All PPE should be removed before exiting the patient’s room, except if you are wearing a respirator.
To remove the gown:
- Grasp the gown in the front and pull away from your body so that the ties break. Make sure to only touch the outside of the gown with your gloved hands.
- When removing the gown, roll or fold the garment inside-out and into a bundle.
- As you are removing the gown, peel off your gloves at the same time, only touching the inside of the gloves and inside of your gown with your bare hands.
- Place the gown and gloves into a waste container.
After all of the PPE has been removed, it is important to wash your hands for a minimum of 20 seconds or use an alcohol-based hand sanitizer.
Tips For First Responders:
- EMS workers should notify the receiving health care facility that the patient has an exposure history and signs and symptoms suggestive of COVID-19
- Keep the patient separated from other people
- Family members and other contacts should not ride in the transport vehicle
- Isolate the ambulance driver from the patient compartment
- Keep pass-through doors and windows tightly shut
- When possible, use vehicles that have isolated driver and patient compartments that can provide separate ventilation to each area.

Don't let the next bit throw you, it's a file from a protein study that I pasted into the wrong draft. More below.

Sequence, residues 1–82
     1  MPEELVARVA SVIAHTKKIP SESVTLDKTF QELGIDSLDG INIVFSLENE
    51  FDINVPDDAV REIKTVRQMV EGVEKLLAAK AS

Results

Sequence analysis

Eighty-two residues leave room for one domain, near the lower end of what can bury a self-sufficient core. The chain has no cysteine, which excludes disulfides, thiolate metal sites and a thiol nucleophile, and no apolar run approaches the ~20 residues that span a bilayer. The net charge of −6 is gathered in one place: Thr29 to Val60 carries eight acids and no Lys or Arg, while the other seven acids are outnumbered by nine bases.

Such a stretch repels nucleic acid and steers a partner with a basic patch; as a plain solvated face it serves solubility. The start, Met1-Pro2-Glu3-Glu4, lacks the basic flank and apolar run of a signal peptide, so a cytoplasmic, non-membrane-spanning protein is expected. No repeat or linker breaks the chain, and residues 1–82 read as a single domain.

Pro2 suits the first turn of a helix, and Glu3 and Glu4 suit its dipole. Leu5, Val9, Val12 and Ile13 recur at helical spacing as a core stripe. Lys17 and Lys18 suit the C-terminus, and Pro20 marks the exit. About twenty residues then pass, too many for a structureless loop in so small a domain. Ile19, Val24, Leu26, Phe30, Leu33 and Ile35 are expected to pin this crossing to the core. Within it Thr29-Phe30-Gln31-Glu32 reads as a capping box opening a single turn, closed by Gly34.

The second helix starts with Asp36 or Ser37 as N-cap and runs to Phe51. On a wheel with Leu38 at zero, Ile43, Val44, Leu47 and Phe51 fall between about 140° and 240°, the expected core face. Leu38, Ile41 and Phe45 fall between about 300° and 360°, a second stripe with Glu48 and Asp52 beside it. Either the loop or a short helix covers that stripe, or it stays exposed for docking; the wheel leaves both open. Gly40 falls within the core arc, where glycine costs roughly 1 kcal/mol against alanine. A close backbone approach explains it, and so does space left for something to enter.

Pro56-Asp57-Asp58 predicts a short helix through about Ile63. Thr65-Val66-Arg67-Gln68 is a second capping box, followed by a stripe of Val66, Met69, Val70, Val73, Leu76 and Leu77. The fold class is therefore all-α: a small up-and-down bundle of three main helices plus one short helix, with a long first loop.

- Close the door/window between these compartments before bringing the patient on board.
- During transport, vehicle ventilation in both compartments should be on non-recirculated mode to maximize air changes that reduce potentially infectious particles in the vehicle.
- If the vehicle has a rear exhaust fan, use it to draw air away from the cab, toward the patient-care area, and out the back end of the vehicle.
Mask-Wearing Tips for the General Public:
People are increasingly adopting the use of cloth face masks to slow the spread of COVID-19, and the latest science may convince even more to do so. In an article published in the Journal of the American Medical Association this past July, the CDC reviewed the latest science and affirms that cloth face coverings are a critical tool in the fight against COVID-19 that could reduce the spread of the disease, particularly when used universally within communities.
There is increasing evidence that cloth face coverings help prevent people who have COVID-19 from spreading the virus to others.
CDC Guidelines for the Holidays:
While the holidays are traditionally meant for spending time with family, friends, and loved ones, the CDC is recommending people take extra precautions this year. This is for both the safety of the public and the health care workers, as hospitals are becoming overwhelmed with patients.
The CDC states that celebrating virtually or with members of your own household poses the lowest risk for spread. People who do not currently live in with you, such as college students who are returning home from school for the holidays, should be considered part of different households despite the fact that they may be family. In-person gatherings that bring together family members or friends from different households, including college students returning home, pose varying levels of risk, according to the agency.